top of page


What is Genetic Entropy?  It is the genetic degeneration of living things.  Genetic entropy is the systematic breakdown of the internal biological information systems that make life alive.  Genetic entropy results from genetic mutations, which are typographical errors in the programming of life (life’s instruction manuals). Mutations systematically erode the information that encodes life’s many essential functions.  Biological information consists of a large set of specifications, and random mutations systematically scramble these specifications – gradually but relentlessly destroying the programming instructions essential to life.


Genetic entropy is most easily understood on a personal level. In our bodies there are roughly 3 new mutations (word-processing errors), every cell division. Our cells become more mutant, and more divergent from each other every day. By the time we are old, each of our cells has accumulated tens of thousands of mutations. Mutation accumulation is the primary reason we grow old and die.  This level of genetic entropy is easy to understand. 


There is another level of genetic entropy that affects us as a population. Because mutations arise in all of our cells, including our reproductive cells, we pass many of our new mutations to our children. So mutations continuously accumulate in the population – with each generation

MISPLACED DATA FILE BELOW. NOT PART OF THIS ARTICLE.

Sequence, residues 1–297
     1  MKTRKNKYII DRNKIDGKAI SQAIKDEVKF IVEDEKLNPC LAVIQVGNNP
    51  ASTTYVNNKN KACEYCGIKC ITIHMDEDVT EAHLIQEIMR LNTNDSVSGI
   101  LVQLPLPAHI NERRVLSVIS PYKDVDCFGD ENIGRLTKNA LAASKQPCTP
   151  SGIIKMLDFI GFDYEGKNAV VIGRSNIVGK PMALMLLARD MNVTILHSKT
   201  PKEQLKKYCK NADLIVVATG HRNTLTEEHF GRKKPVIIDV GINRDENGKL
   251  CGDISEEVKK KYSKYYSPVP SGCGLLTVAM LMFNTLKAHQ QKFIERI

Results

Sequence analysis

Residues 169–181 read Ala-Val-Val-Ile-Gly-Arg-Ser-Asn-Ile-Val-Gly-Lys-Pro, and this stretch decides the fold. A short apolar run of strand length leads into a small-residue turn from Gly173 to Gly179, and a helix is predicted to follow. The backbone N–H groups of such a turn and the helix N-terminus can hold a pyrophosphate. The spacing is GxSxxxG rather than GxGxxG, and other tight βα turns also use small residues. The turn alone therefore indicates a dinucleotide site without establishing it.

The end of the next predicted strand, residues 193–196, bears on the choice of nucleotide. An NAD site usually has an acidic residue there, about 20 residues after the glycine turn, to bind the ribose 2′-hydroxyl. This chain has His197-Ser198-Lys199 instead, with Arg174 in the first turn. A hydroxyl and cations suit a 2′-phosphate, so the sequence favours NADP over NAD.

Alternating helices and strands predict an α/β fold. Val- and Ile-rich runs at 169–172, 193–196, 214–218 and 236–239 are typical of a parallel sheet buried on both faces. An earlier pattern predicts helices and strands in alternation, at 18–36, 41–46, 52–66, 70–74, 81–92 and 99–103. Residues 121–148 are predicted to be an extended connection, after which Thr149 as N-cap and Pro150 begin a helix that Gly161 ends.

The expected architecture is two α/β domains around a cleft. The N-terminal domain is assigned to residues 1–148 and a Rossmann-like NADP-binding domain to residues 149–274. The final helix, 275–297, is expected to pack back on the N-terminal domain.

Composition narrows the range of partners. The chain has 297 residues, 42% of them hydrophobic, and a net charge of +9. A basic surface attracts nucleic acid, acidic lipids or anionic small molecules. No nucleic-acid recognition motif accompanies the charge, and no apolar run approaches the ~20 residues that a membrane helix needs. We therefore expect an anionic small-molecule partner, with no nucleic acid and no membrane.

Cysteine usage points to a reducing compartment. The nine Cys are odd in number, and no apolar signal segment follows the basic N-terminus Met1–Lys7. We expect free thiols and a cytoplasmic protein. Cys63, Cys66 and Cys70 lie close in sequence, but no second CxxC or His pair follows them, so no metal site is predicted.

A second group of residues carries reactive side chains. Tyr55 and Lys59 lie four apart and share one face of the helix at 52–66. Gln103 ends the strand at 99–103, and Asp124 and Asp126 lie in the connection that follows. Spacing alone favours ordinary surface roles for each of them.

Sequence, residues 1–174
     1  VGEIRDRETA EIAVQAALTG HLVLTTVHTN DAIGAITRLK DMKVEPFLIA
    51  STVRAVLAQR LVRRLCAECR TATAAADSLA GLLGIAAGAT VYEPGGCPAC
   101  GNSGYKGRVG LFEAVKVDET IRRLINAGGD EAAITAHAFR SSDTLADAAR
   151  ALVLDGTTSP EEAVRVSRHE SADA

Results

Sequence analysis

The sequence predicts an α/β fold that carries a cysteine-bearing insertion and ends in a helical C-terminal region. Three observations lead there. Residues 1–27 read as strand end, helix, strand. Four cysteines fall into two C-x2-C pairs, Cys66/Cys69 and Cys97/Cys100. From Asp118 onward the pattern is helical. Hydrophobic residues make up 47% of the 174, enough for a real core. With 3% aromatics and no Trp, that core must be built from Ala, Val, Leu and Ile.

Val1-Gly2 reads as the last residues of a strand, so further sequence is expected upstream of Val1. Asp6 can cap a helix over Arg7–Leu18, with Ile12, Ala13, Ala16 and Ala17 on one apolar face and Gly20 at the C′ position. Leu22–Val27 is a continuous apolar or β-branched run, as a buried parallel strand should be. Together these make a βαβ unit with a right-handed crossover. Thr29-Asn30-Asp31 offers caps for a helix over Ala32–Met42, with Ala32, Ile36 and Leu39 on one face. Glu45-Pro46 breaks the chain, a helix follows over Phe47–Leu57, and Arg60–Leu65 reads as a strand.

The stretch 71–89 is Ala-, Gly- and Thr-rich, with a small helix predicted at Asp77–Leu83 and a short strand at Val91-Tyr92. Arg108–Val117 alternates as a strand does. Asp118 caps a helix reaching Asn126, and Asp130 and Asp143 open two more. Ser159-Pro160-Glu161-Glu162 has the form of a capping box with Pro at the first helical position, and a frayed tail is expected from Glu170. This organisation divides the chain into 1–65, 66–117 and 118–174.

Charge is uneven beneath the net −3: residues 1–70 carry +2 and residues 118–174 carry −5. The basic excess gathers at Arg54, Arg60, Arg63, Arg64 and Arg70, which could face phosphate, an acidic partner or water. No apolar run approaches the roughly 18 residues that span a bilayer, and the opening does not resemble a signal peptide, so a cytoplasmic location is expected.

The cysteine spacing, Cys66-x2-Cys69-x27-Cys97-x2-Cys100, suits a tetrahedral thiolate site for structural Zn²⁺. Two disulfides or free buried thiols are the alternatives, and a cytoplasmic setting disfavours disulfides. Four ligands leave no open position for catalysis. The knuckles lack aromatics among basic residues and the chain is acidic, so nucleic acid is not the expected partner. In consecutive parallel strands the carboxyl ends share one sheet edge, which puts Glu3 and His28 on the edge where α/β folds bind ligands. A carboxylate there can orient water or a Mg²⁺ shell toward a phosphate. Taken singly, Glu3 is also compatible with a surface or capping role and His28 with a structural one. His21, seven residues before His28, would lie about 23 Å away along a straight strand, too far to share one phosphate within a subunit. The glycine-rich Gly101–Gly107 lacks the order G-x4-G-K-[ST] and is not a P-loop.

being more mutant than the last. So not only do we undergo genetic degeneration personally, we also are undergoing genetic degeneration as a population. This is essentially evolution going the wrong way. Natural selection can slow down, but cannot stop, genetic entropy on the population level.


Apart from intelligence, information and information systems always degenerate. This is obviously true in the human realm, but is equally true in the biological realm (contrary to what evolutionists claim).  The more technical definition of entropy, as used by engineers and physicists, is simply a measure of disorder. Technically, apart from any external intervention, all functional systems degenerate, consistently moving from order to disorder (because entropy always increases in any closed system). For the biologist it is more useful to employ the more general use of the word entropy, which conveys that since physical entropy is ever-increasing (disorder is always increasing), therefore there is universal tendency for all biological information systems to degenerate over time - apart from intelligent intervention.

bottom of page